BAMBOO



Bamboo fibre is an extremely soft and comfortable material.

This makes bamboo clothing a great fit for those with sensitive skin. Bamboo is naturally hypoallergenic as it is not treated with chemical finishes to obtain any of its great performance qualities. People who have allergic reactions from certain fabrics or chemicals will be free from worry with bamboo clothing.

Please note that when bamboo is turned into viscose or rayon, then possibly toxic chemicals may have been used. This process is far from eco-friendly, and the fabric that it creates may not be better for the environment than other types of fabric. However, there are industry practices that don’t involve harsh chemicals, and we at All Naturals aim to make an exclusive selection of eco-friendly and non‑harmful bamboo products.

Bamboo absorbs and evaporates moisture quickly, making it the perfect fabric for outdoor activities. Bamboo's antibacterial properties resist the growth of bacteria and fungus that can help produce smell in synthetic fabrics.

Bamboo provides natural sun protection due to the composition of its fibres. It is more breathable than cotton and synthetic fabrics as the micro gaps in bamboo allow air to permeate through the clothing so that you can stay cool and comfortable.

Bamboo rayon will have variable durability depending on what other materials it’s blended with.

Bamboo is used to make dishes, chopsticks, furniture and musical instruments. In addition, it is frequently made into paper, fishing rods, cutting boards, and even filters for water desalination. It can be used for bamboo flooring, decking, decorative panelling, and siding. It has variety of applications. 


Is Bamboo an expensive fabric?

Genuine bamboo fabric that is made using mechanical methods, however, is almost always more expensive than cotton, but it may be more affordable than forms of luxury cotton like Egyptian cotton, Pima cotton, and Supima cotton.


What Is Rayon Bamboo?

The word “rayon” is used to describe a semi-synthetic fiber made from plant matter such as wood. Rayon fabrics can be made from many different plants, so just because you see the word “rayon” on a fabric label doesn’t mean the fabric is made from bamboo. If you see “rayon bamboo” or “bamboo rayon,” then the fabric is rayon made from bamboo pulp.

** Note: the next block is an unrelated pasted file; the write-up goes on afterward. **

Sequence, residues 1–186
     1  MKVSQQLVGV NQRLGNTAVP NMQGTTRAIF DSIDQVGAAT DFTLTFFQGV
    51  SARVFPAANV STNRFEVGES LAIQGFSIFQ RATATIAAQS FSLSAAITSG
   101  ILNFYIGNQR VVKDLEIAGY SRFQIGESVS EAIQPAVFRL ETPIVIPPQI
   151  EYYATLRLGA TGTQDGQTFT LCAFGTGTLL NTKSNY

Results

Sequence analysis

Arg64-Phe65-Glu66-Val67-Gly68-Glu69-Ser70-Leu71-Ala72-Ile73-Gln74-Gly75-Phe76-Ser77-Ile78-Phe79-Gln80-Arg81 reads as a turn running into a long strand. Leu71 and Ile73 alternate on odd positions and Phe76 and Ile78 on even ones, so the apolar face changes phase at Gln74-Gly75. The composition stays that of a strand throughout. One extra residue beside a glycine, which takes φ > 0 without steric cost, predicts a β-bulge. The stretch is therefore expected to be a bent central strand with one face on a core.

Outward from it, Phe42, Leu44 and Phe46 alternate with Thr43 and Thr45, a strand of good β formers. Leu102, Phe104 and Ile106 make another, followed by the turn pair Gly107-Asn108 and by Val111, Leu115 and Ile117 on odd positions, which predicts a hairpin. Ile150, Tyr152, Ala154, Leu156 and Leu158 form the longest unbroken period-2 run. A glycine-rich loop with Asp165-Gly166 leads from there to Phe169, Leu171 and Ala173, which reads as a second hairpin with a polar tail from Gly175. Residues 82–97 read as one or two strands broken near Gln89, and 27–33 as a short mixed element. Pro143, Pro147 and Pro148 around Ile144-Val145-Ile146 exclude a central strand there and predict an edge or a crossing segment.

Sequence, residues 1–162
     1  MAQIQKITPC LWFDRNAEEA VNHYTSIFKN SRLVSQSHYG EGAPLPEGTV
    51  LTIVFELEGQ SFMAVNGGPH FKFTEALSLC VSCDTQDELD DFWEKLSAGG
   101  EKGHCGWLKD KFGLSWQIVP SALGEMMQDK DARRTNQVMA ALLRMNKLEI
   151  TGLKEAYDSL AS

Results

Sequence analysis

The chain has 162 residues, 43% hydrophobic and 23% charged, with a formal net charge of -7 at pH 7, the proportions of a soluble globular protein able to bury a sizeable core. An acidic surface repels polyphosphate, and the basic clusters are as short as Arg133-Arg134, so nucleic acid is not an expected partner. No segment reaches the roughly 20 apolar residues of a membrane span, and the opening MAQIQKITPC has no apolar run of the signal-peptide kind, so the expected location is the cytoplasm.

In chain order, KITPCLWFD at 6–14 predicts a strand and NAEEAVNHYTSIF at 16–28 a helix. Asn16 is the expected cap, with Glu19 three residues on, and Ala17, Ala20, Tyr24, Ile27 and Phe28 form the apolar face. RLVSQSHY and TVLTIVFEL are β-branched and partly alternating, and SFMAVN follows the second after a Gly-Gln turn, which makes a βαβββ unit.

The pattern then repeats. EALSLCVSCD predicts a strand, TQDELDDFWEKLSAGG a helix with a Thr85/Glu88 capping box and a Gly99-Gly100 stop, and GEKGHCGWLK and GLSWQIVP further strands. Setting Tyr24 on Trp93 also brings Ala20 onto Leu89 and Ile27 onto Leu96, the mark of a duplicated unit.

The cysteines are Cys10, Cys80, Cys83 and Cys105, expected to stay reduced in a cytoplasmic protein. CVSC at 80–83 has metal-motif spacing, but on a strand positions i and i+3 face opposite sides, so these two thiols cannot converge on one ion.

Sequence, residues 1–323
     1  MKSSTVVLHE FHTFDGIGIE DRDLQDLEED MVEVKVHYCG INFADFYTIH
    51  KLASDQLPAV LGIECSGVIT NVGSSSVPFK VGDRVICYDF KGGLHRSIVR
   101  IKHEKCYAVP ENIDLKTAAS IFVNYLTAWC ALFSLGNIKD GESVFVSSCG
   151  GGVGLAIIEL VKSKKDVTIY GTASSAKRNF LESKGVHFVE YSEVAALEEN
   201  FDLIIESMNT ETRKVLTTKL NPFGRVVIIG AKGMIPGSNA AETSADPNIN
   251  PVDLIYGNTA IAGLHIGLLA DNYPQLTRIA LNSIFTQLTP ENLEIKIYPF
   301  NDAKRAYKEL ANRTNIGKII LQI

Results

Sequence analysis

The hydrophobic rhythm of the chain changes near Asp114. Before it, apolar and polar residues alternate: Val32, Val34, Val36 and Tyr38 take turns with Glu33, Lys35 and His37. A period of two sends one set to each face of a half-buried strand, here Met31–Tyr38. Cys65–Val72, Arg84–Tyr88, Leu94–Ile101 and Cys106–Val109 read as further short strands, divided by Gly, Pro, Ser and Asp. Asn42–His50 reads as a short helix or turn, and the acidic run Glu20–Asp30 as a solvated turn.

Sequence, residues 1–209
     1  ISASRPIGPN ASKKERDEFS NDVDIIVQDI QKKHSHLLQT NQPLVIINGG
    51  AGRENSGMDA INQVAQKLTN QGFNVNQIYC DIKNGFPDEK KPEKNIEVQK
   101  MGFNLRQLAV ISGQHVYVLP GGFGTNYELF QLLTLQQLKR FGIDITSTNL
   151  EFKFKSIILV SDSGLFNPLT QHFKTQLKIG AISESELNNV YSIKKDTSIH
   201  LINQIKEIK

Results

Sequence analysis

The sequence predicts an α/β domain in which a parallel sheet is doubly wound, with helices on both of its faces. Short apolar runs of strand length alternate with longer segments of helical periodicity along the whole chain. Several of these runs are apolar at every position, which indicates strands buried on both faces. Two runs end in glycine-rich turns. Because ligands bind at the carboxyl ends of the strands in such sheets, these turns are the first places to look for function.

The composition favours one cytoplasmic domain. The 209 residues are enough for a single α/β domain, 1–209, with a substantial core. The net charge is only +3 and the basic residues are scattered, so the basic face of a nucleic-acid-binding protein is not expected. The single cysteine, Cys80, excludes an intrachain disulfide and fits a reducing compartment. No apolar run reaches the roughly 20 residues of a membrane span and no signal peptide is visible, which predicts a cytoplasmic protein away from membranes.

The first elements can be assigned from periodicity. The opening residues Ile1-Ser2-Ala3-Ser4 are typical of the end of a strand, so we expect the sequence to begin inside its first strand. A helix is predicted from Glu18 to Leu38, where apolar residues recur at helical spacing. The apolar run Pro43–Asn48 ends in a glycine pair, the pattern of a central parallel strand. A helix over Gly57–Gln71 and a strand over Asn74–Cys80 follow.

Originally invented as an alternative to expensive silk fabrics, rayon is sometimes described as “artificial silk,” because it usually has a silky-soft texture. However, rayon is much less expensive than silk, not to mention more eco-friendly.


What Is Viscose Bamboo?

Like rayon, the word “viscose” refers to fabric made from plant cellulose. It’s similar to the word “viscous,” which describes the viscous liquid containing plant cellulose that gets regenerated into fibers to make fabric. And like rayon fabric, viscose fabric doesn’t always contain bamboo. If a label says “viscose bamboo” or “bamboo viscose,” then it’s viscose from bamboo fabric.

So, the words “rayon” and “viscose” essentially mean the same thing: fibers from plants that get used to make fabric, or artificial silk. The viscose process is basically the same as the rayon process. Rayon and viscose are both less expensive and more environmentally-friendly than silk, but they have a soft, smooth texture similar to that of silk.

In fact, sometimes you’ll see the phrase “viscose rayon,” which means the same thing as either word by itself. This simply refers to a fabric made from plant cellulose, and you may see it on the label of a bamboo fabric.

At this point, you may be wondering why two different terms exist to describe the same type of fabric. The reason is historical: The term “rayon” was coined in the US, where it’s still more commonly used, while the term “viscose” is more popular in the rest of the world. So rayon fabrics are more likely manufactured in the US, while viscose fabrics may be made elsewhere.


What About the Percentage of Bamboo?

Another key term you’ll often see alongside “viscose” or “rayon” is a percentage of bamboo. This is important because ⁠— as we saw earlier ⁠— neither term necessarily refers only to pure bamboo. But viscose made from pure bamboo feels and acts very different from bamboo blends. So when you’re shopping for bamboo, be sure to look at the percentage.